I finally managed to put together all the code for warp-transferring data from IECHost to a Commodore 1541 floppy drive. All components seem to be working, albeit I need to tune the timing of the sending side. There is a further change that affects timing at the sending side that I would also like to put in before I start the tuning, but maybe I will do an initial tuning and then a subsequent one just to become familiar with the process and eventually master it.
For the time being I took a trace with my logic analyser, which essentially looks like the one I took a while ago:
From a signal perspective things still work the same way until the point where the floppy drive asserts and then releases both DATA and CLOCK lines: in this case, however, IECHost controls both lines for transmission afterwards.
Troubleshooting this direction of the warp transfer is slightly more complex because one cannot immediately access the data at the receiving side (the drive’s RAM) to make sure it matches or not (timings might need adjustment in the latter case). However, because the reverse side of the warp-transfer is already working, what I can do is to warp-send data to the disk drive and have it warp-send the received data back for comparison. The comparison would underline whether the sender was too quick or too slow setting voltage levels on the bus to encode the bits being transferred.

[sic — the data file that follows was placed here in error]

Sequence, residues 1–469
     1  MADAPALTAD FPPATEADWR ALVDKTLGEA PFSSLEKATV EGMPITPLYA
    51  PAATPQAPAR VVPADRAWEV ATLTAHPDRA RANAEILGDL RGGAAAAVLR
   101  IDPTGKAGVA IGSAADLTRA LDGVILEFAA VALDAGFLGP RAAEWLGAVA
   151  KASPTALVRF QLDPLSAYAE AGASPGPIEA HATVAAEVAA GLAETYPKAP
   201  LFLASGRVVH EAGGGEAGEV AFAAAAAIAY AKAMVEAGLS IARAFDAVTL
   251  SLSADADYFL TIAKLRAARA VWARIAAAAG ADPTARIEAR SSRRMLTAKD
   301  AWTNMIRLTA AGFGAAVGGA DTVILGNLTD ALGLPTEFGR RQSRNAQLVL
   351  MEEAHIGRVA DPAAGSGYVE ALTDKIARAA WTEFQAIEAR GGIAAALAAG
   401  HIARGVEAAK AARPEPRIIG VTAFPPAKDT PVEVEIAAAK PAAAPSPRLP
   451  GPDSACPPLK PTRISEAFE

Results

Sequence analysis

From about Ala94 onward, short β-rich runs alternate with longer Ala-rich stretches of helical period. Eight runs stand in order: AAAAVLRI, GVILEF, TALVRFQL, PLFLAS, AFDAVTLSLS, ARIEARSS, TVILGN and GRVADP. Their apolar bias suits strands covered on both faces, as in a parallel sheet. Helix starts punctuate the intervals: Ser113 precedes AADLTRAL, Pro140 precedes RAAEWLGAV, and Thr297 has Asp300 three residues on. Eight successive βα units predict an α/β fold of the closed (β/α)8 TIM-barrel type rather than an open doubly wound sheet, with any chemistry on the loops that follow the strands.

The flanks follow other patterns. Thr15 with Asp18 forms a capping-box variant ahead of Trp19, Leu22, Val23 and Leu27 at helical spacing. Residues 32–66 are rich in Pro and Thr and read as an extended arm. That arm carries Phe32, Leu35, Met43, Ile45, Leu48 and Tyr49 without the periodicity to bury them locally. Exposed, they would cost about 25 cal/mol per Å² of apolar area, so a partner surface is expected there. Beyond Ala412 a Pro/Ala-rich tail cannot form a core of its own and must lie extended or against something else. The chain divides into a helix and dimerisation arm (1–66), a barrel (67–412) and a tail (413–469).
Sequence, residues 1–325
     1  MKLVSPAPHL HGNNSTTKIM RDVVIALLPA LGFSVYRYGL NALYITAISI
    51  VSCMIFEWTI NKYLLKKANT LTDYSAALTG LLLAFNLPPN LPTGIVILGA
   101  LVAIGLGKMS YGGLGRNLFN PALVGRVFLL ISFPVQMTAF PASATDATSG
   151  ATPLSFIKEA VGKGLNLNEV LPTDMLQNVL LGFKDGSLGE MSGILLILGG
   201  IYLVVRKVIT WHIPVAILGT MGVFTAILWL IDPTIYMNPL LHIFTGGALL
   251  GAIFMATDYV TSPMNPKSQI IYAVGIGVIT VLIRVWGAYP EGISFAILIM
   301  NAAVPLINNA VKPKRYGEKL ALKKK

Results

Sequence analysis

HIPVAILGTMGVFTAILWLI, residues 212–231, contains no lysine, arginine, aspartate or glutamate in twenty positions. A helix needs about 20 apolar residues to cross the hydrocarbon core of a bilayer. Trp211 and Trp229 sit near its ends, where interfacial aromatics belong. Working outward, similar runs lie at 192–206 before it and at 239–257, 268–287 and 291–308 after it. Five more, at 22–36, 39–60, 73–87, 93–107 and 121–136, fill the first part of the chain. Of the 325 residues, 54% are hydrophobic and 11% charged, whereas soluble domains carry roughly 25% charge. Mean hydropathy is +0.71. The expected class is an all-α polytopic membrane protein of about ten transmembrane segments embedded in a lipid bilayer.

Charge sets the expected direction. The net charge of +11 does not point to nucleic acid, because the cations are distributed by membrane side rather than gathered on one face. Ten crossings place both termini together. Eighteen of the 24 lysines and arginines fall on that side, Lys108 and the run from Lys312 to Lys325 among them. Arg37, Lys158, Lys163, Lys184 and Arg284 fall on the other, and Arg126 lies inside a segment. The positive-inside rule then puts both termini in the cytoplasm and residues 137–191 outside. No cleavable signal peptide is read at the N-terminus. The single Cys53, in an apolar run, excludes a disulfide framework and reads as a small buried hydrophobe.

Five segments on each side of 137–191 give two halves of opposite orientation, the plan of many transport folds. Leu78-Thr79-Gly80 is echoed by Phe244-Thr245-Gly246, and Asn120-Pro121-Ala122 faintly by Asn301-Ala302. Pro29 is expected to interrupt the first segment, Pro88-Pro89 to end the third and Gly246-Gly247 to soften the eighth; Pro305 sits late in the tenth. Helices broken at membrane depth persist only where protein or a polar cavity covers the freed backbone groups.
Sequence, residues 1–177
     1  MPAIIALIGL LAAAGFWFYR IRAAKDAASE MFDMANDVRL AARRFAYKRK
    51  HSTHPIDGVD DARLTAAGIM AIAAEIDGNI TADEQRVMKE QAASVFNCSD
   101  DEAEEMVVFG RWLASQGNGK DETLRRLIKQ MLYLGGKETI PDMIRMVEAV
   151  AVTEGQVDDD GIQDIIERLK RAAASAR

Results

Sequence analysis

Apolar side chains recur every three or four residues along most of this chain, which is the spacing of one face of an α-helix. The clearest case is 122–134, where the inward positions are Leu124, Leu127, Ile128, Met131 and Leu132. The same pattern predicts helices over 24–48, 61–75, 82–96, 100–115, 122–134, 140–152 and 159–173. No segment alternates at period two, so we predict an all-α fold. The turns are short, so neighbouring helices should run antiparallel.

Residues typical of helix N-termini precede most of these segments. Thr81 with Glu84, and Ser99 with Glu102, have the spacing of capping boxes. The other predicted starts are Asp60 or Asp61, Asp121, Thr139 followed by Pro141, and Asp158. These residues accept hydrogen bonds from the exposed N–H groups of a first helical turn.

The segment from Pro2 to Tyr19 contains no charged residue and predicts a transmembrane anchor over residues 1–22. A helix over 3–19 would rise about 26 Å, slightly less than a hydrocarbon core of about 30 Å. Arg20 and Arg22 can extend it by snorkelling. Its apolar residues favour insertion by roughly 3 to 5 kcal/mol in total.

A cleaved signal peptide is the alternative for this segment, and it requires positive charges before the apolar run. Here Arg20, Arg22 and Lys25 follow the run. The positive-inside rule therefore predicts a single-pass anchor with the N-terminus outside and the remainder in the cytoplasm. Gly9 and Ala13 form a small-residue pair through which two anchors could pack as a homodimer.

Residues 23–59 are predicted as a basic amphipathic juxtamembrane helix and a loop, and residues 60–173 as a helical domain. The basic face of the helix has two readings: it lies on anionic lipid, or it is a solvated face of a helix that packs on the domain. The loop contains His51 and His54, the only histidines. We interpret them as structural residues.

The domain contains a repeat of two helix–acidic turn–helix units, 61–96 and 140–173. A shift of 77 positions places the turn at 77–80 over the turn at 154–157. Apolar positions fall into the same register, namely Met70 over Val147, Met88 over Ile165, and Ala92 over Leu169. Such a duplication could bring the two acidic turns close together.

Fortunately one does not need to look at the whole data but just at the first group of 4 bytes, after which some handshaking takes place: essentially timings are reset on both sides using a brief synchronisation process every time 4 bytes are completely transferred. A simplification occurs due to the fact the 6502 within a floppy drive is clocked at 1 MHz, which is convenient as one can roughly assume that 1 clock cycle takes 1 us on average, at least during the above mentioned 4 byte sequence: drifts on the longer term would be taken care of by the handshaking process 🙂
Definitely getting closer now to having a fully functional warp sector write mechanism, which I can later extend to write a whole disk image.